JetBlue's founder is reportedly raising money to launch a new airline

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David Neeleman, founder and chief executive officer of Azul SA, left, stands on the floor of the New York Stock Exchange (NYSE) during his company's initial public offering (IPO) in New York, U.S., on Tuesday, April 11, 2017.
David Neeleman, founder and chief executive officer of Azul SA, left, stands on the floor of the New York Stock Exchange (NYSE) during his company's initial public offering (IPO) in New York, U.S., on Tuesday, April 11, 2017. Credit: Michael Nagle/Bloomberg

David Neeleman, who started JetBlue Airways Corp. with $100 million in 2000, is raising money to launch a new low-cost carrier focused on secondary airports in the U.S., according to Airline Weekly.

The airline, to be called Moxy Airways, has secured orders for 60 Bombardier CS300 aircraft, the trade journal reported, citing people familiar with the matter. The first would arrive in 2020. Moxy is attempting to raise $100 million to begin services that same year, the journal reported.

Neeleman declined to comment, Airline Weekly said. He didn't immediately return an email from Bloomberg News seeking comment early Monday. It's unclear how far along the airline is in its development. Neeleman, 58, also helped to establish Morris Air, WestJet Airlines Ltd. and Brazil's Azul SA.

Moxy is designed to maximize the economic advantages of the C Series, along with the use of smaller, secondary airports such as Providence, Rhode Island, Fort Worth, Texas, and Burbank, California, Airline Weekly said. The advanced jetliner reduces fuel burn due to its modern engines and carbon-fiber fuselage.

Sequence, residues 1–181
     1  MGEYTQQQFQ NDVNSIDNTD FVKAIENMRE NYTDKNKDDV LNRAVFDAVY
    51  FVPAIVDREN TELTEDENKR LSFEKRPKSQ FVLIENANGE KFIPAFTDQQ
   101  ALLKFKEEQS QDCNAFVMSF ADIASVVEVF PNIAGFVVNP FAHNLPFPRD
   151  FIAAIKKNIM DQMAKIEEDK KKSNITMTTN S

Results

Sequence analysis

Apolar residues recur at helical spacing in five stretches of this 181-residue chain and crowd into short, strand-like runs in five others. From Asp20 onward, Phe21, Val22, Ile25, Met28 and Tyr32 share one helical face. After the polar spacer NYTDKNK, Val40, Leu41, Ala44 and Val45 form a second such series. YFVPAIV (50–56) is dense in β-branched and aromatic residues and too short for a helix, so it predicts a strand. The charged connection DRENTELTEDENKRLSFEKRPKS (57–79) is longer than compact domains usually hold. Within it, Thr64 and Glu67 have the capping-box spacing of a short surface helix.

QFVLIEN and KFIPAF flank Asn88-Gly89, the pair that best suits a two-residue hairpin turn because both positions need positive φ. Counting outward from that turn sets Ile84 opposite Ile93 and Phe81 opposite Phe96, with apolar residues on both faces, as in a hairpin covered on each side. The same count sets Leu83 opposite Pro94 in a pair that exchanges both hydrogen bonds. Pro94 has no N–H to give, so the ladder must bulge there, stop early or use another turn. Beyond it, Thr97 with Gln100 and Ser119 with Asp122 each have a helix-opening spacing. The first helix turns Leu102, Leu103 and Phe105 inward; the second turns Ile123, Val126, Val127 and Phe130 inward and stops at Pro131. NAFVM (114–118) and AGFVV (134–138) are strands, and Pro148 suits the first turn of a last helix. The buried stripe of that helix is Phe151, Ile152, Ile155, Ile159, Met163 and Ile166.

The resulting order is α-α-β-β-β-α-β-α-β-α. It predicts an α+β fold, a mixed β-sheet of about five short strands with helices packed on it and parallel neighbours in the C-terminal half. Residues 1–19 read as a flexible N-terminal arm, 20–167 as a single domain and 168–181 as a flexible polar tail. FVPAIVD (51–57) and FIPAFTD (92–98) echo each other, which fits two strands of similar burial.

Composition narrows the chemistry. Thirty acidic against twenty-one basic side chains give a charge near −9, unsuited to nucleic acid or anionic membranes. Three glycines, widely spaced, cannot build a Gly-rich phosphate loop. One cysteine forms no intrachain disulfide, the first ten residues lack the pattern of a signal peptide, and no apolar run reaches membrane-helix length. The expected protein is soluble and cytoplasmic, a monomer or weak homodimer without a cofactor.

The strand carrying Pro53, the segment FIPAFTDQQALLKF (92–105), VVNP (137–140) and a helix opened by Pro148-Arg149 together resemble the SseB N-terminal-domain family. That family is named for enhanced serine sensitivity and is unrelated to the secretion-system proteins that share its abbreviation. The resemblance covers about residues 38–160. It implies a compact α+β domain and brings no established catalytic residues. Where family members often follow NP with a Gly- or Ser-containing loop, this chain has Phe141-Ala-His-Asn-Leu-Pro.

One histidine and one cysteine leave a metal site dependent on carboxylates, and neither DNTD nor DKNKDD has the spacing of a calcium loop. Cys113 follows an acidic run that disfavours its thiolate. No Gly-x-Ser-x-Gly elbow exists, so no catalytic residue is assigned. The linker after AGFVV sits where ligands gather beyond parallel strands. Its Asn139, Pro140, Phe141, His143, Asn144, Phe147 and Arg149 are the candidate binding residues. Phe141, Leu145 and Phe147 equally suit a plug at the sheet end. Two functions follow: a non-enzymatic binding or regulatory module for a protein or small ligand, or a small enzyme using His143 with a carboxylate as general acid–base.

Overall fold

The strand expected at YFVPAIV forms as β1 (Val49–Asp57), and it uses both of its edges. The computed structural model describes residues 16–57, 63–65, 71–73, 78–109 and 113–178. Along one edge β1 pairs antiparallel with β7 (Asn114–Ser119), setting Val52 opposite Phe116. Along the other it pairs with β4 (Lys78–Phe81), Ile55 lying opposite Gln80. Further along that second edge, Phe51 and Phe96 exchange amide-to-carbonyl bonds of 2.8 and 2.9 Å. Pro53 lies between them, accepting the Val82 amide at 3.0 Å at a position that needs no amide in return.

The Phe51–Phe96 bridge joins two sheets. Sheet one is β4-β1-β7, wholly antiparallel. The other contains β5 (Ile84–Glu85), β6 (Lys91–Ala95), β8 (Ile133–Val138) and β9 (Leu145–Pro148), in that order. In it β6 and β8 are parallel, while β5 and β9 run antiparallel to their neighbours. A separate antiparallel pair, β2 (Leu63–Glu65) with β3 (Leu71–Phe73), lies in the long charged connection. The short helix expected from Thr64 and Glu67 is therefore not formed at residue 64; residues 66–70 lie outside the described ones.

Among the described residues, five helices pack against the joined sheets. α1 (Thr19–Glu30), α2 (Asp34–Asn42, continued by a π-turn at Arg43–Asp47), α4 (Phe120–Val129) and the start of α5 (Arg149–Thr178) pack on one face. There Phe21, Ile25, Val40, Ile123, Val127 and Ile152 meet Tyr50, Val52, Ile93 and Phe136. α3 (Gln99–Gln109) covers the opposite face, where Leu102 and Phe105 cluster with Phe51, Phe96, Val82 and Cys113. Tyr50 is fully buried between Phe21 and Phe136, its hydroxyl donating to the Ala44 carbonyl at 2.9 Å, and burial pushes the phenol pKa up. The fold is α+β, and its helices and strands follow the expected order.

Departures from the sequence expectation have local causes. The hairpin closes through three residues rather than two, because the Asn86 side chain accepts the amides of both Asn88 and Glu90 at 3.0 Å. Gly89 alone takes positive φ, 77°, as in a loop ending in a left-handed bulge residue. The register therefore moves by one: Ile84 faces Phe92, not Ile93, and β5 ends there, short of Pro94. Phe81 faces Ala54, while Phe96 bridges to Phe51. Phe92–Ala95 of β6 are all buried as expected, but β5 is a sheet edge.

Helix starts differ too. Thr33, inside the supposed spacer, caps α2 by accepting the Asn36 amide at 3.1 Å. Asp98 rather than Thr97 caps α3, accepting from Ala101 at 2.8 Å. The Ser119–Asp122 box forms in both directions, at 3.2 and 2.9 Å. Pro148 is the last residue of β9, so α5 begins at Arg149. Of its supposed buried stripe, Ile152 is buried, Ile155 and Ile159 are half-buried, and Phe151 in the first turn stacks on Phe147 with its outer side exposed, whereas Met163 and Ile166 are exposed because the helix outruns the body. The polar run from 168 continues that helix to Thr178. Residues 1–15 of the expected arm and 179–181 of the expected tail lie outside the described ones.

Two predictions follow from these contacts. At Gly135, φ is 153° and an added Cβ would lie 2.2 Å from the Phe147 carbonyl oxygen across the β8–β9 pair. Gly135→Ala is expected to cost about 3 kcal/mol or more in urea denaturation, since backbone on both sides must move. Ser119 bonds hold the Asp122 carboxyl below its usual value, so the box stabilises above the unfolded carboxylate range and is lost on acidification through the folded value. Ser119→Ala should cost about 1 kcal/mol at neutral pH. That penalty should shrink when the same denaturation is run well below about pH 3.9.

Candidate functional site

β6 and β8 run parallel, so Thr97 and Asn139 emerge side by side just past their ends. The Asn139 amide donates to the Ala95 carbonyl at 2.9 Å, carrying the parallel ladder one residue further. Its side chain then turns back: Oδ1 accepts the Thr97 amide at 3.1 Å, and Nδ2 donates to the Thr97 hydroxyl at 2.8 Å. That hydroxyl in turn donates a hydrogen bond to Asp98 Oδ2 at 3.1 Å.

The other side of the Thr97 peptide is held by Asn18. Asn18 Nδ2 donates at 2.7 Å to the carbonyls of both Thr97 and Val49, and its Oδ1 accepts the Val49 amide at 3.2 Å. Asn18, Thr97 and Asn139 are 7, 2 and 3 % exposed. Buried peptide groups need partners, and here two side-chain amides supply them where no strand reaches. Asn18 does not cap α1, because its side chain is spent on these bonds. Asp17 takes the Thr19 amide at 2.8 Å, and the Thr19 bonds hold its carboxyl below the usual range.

Neeleman is a long-time supporter of aircraft manufactured by Airbus SE, which has taken a controlling stake in the C Series in partnership with Bombardier. The companies plan to close the deal July 1.

Moxy has told investors it will sell only point-to-point flights to keep down costs, according to a presentation cited by the publication. But the airline isn't seeking to mimic ultra low-cost carriers like Allegiant or Spirit. Instead, Moxy would be more in line with Neeleman's past ventures at Azul and JetBlue, where spacious seats and free Wi-Fi combine with some fees for extra services, such as snacks or seat assignments, Airline Weekly reported.

With 60 CS300 orders, Moxy would become the second-largest C Series customer after Delta Air Lines Inc., which is acquiring 75 of the smaller CS100 model. Delta plans to begin service with the plane next year.

—Justin Bachman, Bloomberg News

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